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Generative AI firm Synthesia raises £71.4m at unicorn valuation

Synthesia
Image credit: Synthesia

Generative AI firm Synthesia, which creates realistic human avatars that deliver presentations, has raised $90m (£71.4m) and landed a $1bn unicorn valuation.

The London-based firm has been one of the UK’s fastest-growing in the generative AI sector, which has exploded in popularity since the launch of ChatGPT in November.

The hefty Series C round was led by Accel and included an investment from NVIDIA’s venture capital arm NVentures, as well as Kleiner Perkins, GV and Firstmark Capital.

“We’ve made great strides towards our vision to make video easy for everyone, but there’s still a long way to go,” said Synthesia co-founder and CEO Victor Riparbelli.

“I’m proud of our team for building Synthesia into a sustainable company that today delivers real business utility, not just novelty, for our thousands of customers.”

Riparbelli said that while the firm wasn’t “actively looking for new investment”, he felt Synthesia and its new investors had a shared vision for “transforming traditional video production into a digital workflow”.

Founded in 2017, the primary use for Synthesia is to produce enterprise videos, including workplace training and corporate presentations.

“From our first meeting, Synthesia stood out as one of the few generative AI companies combining a differentiated technology, an exceptional founding team, and a very strong ROI for its enterprise customers,” said Philippe Botteri, a partner at Accel.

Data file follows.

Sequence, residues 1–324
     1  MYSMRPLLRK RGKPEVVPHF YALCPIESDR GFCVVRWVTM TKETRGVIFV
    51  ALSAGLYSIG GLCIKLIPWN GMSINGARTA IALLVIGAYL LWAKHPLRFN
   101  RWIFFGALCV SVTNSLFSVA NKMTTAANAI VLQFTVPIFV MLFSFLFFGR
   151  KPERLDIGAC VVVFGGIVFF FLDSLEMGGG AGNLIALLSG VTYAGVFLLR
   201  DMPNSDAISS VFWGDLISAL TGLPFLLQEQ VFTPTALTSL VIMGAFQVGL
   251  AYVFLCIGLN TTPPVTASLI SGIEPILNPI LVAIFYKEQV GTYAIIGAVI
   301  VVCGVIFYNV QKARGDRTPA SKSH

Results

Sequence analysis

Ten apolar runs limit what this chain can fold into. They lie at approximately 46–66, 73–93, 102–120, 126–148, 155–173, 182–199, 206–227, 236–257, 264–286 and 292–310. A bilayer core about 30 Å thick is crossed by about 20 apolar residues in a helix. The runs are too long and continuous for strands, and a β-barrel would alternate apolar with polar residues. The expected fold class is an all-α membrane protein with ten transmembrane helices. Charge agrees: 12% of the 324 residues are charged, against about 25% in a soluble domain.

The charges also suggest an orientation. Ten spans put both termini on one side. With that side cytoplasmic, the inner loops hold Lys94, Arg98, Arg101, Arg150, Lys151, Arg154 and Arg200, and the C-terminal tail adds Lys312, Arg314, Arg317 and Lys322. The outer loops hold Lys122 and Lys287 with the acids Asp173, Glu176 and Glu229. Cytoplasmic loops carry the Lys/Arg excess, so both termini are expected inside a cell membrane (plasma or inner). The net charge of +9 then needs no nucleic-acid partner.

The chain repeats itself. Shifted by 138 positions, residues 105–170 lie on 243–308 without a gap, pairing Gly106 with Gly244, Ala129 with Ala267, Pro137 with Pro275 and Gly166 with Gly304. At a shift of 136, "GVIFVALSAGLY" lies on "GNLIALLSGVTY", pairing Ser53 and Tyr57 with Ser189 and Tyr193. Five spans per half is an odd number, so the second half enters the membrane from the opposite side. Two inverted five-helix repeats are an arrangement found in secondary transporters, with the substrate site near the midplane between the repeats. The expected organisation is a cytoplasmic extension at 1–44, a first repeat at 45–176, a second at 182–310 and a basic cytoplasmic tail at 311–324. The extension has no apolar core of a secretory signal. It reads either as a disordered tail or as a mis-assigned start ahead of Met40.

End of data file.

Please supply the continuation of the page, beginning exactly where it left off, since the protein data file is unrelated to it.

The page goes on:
“By dramatically lowering the cost and production time of videos, Synthesia is opening a new range of use cases for corporate training, marketing, and communication videos. With their research team constantly pushing the limits of AI video generation, I could not be more excited about our investment in the company.”

While Synthesia is proving itself to be one of the UK’s AI success stories, it has not completely avoided controversy. In March, it emerged that technology developed by Synthesia had been misused to produce video propaganda in Venezuela.

A spokesperson for the company said at the time: “We have strict guidelines for which type of content we allow to be created on our platform. We enforce our terms of service and ban users who breach them.”

In April, Business Insider first reported that Synthesia was in talks with investors to raise additional cash. Full details of the Series C round were first reported by CNBC.

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